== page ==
For instance, Malay women are prohibited from wearing the “takwa” dress. This is a long dress like the modern Baju Kebaya, and it has a row of loops for buttons at the front and also at the end of the long sleeves.

Jewel Muscat in Port Klang

Wednesday June 30, 2010

Traditionally-built ship pays a call on Port Klang

By EDWARD R. HENRY
edward@thestar.com.my

SALEH Al Jabri, the captain of the Jewel of Muscat, was filled with delight as the replica of a 9th century dhow, or merchant sailing vessel, arrived in Port Klang as part of a five-month journey from Sultan Qaboos port in Oman to Singapore.

“Our crew of 17 men were courageous and we all pulled together to brave the treacherous waters, torrential rain and blistering heat.

“Our biggest test was when we crossed the Bay of Bengal on the way to Penang,” said the skipper who has 25-years of experience with the Omani navy.

Long journey: Saleh takes a break with the Jewel of Muscat in the background.

The Jewel of Muscat is an exact replica of the a 9th century Arab ship found shipwrecked off the coast of Indonesia in 1998 and it was hand-built with timber-and-coconut rope with not a single nail used.

Saleh, 41, said the wind was the main cause for concern throughout the journey but his 17-member crew steered the boat in a careful, calculated manner.

The ship is a joint project between the Omani and Singaporean governments and set sail from Oman on Feb 16.

It was conceived as a historical and cultural exchange after Singapore bought over 60,000 pieces of Chinese pottery that were found on the shipwrecked Arab boat off Belitung, Indonesia, over a decade ago.

Saleh said the aim of the journey was to replicate the ancient traders as closely as possible and it meant not using any modern navigational, cooking or household appliances and devices.

For the father of four, the most difficult task was keeping a look out for cargo ships and the thousands of small fishing boats they encountered on the way.

The Jewel of Muscat wiil be docked at Port Klang until June 27 before sailing off to its final destination in Singapore.

Upon arrival in the Lion City, the ship will be presented to the Singaporean people as a gift from the Sultanate of Oman.

UNESCO status for Kuching, Miri?

Seeking Unesco heritage city status for Kuching, Miri

2010/05/19

 

// // SARAWAK wants to seek Unesco heritage city status for Kuching and Miri.Assistant Tourism Minister Mong Dagang told the house yesterday that a team would be sent to Malacca and Penang soon.

This was in order to meet the relevant authorities for a better understanding of the criteria for the final assessment as required under the Unesco Heritage Convention, he added.
“The ministry has also met and discussed with the National Heritage Commission early this year to assist in the technicalities,” he said in reply to a question from Aidan Wing (BN-Lambir).

Mong said that Kuching and Miri had the criteria to be listed as heritage cities but the process was very tedious and lengthy.

The ministry had taken numerous initiatives especially for the old Kuching area to be kept as a Heritage City for Sarawak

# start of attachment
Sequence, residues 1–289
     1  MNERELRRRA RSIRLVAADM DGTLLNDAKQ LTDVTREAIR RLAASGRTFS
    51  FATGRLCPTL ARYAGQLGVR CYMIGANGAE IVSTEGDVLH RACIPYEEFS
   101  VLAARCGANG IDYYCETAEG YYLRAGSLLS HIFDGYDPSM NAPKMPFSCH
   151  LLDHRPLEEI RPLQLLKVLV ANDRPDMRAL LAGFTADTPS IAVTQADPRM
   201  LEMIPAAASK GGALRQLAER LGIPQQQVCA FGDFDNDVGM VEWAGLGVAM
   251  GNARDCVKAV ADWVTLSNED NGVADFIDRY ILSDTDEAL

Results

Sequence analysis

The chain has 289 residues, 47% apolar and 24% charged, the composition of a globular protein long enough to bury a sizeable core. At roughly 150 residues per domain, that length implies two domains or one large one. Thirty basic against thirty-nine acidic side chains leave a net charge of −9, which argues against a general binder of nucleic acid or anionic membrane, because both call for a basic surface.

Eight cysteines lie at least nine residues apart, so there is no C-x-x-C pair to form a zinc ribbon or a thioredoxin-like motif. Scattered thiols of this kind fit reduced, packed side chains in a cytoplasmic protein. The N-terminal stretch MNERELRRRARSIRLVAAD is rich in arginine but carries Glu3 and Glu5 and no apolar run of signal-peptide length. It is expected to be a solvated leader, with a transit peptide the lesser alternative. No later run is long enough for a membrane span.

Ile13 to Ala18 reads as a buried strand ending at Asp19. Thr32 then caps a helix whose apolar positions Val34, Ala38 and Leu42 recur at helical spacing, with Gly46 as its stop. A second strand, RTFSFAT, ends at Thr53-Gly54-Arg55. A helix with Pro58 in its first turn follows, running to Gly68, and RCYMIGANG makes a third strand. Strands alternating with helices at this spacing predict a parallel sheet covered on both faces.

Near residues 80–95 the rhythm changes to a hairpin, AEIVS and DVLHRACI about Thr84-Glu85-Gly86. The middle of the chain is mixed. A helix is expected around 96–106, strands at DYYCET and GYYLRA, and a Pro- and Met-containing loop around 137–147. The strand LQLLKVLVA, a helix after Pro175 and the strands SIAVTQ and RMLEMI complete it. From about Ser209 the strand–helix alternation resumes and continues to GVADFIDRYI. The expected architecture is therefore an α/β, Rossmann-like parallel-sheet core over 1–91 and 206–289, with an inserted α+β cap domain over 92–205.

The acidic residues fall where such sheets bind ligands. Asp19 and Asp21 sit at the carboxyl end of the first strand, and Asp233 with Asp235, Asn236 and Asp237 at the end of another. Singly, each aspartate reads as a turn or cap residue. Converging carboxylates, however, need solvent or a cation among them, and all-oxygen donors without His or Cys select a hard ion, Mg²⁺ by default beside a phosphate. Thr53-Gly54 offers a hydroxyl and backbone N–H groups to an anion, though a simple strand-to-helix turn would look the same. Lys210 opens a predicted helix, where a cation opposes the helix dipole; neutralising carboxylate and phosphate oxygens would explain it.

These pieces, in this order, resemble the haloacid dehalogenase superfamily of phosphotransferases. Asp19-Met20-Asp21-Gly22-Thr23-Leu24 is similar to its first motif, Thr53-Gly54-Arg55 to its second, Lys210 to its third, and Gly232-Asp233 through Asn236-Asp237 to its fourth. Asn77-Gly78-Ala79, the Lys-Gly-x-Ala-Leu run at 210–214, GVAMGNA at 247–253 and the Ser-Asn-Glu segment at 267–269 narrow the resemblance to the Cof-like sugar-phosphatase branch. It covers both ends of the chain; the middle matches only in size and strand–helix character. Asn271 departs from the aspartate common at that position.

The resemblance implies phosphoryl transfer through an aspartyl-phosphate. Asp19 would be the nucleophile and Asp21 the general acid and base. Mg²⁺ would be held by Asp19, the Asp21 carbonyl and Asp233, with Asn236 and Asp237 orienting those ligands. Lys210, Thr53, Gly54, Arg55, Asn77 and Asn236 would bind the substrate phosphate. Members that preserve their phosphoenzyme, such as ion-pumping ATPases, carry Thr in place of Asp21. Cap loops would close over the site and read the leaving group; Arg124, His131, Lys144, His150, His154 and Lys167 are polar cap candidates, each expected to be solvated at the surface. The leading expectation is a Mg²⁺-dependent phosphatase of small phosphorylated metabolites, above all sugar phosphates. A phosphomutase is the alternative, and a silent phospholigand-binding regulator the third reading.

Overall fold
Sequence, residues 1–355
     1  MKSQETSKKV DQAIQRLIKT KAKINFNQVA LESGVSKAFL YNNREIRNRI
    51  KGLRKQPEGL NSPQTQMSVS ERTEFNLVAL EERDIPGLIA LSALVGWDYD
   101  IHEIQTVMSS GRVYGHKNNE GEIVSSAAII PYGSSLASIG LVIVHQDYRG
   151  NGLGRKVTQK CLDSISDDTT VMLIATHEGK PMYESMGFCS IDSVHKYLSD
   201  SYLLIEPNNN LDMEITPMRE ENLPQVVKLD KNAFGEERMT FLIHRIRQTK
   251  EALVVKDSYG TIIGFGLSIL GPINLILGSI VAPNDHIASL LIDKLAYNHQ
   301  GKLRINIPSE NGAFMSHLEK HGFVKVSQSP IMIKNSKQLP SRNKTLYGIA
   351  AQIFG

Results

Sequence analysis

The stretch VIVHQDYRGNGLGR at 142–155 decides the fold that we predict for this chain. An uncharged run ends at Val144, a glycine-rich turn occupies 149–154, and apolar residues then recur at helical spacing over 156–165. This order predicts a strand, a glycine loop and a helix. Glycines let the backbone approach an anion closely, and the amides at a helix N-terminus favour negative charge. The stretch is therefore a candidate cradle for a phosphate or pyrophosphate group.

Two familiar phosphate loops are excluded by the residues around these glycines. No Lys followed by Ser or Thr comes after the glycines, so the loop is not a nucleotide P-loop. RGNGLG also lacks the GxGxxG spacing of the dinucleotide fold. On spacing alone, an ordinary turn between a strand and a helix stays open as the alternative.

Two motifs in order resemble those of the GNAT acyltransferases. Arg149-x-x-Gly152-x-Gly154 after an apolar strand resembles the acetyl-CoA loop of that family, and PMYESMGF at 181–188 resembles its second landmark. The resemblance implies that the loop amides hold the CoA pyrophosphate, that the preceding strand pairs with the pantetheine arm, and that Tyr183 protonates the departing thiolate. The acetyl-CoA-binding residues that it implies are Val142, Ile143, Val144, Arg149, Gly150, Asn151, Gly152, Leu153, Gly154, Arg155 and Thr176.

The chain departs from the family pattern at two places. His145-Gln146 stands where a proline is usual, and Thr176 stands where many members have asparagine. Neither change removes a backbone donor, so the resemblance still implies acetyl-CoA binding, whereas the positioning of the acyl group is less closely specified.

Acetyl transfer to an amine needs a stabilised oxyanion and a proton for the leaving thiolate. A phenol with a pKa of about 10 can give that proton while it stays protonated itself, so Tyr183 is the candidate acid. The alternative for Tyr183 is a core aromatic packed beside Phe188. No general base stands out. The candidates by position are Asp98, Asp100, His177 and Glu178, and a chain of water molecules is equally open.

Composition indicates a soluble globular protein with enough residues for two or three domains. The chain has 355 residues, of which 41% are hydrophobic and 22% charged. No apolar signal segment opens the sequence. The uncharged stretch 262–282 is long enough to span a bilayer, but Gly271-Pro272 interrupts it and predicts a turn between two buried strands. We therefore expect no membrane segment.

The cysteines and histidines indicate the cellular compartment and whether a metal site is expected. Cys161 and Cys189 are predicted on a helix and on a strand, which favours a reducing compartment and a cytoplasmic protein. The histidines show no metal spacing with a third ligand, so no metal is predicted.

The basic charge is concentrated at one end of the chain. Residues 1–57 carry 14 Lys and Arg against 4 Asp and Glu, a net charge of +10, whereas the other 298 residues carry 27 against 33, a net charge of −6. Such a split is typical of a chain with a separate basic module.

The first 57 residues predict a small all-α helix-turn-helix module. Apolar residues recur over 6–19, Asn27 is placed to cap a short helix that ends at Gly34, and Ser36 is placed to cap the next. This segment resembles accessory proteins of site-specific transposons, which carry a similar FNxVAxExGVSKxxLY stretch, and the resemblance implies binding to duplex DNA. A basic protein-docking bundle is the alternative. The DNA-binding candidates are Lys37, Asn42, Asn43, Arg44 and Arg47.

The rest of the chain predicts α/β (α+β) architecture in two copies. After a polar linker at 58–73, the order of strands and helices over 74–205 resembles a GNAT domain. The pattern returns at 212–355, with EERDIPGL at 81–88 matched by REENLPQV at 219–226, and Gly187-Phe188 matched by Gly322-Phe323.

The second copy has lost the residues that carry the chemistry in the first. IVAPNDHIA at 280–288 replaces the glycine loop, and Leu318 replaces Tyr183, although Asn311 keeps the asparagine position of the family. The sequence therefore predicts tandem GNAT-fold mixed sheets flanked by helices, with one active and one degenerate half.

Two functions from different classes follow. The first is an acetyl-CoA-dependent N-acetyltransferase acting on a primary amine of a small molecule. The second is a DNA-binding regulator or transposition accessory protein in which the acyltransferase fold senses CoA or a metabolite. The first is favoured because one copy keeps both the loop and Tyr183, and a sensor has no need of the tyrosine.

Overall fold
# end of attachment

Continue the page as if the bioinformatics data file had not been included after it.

He said among the initiatives taken since last year, included a public forum jointly organised by the Sarawak Tourism Federation and Sarawak Heritage Society, to raise public awareness on heritage matters.

Meanwhile, the house was told that public transportation would soon be seen as a prominent mode of transportation in urban areas.

Under the 10th Malaysia Plan, the Ministry of Housing and Urban Development has submitted a request to the Federal Government for funds to improve and revamp public transportation starting with Kuching City.
Replying to a question by Abdul Rahman Junaidi (BN-Pantai Damai), the minister Datuk Amar Abang Johari Tun Openg said the government had already commissioned consultants to undertake a study.

He said the Kuching public transportation study, which was completed in 2005, recommended that buses remain as the backbone of the public transport system in Kuching.

Rattan mats in danger

Getting to know your kasah

Story and photos by KERNI PUAH
sarawakstar@thestar.com.my

THE kasah or Bidayuh rattan mats are considered as works of art and fetch high prices due to a rise in demand.

However, this Bidayuh mat-making heritage is dying slowly as the new generation has no interest in learning the art.

Because of this, the kasah is being overtaken by mats from Kalimantan.

New design: Hadran showing the kasah sagah emas.

It is the most-sought-after item at the Serikin weekend market near Serian, especially among visitors from Peninsular Malaysia.

But as the mats become part of a lucrative business, their quality has declined noticeably.

The Indonesian traders seem to be out to make a fast buck due to the demand.

In the old days, when the mats were not highly valued or sought after, the craftsmanship was superior. The Bidayuhs used the mats to dry harvested padi in the sun.

The mats sold at the Serikin market is not as durable to the real kasah and should rightly be called tikar Kalimantan.

Hadran: He sells the rattan mats at the Serikin weekend market.

Buyers should learn how to tell between a good and poor-quality rattan mat.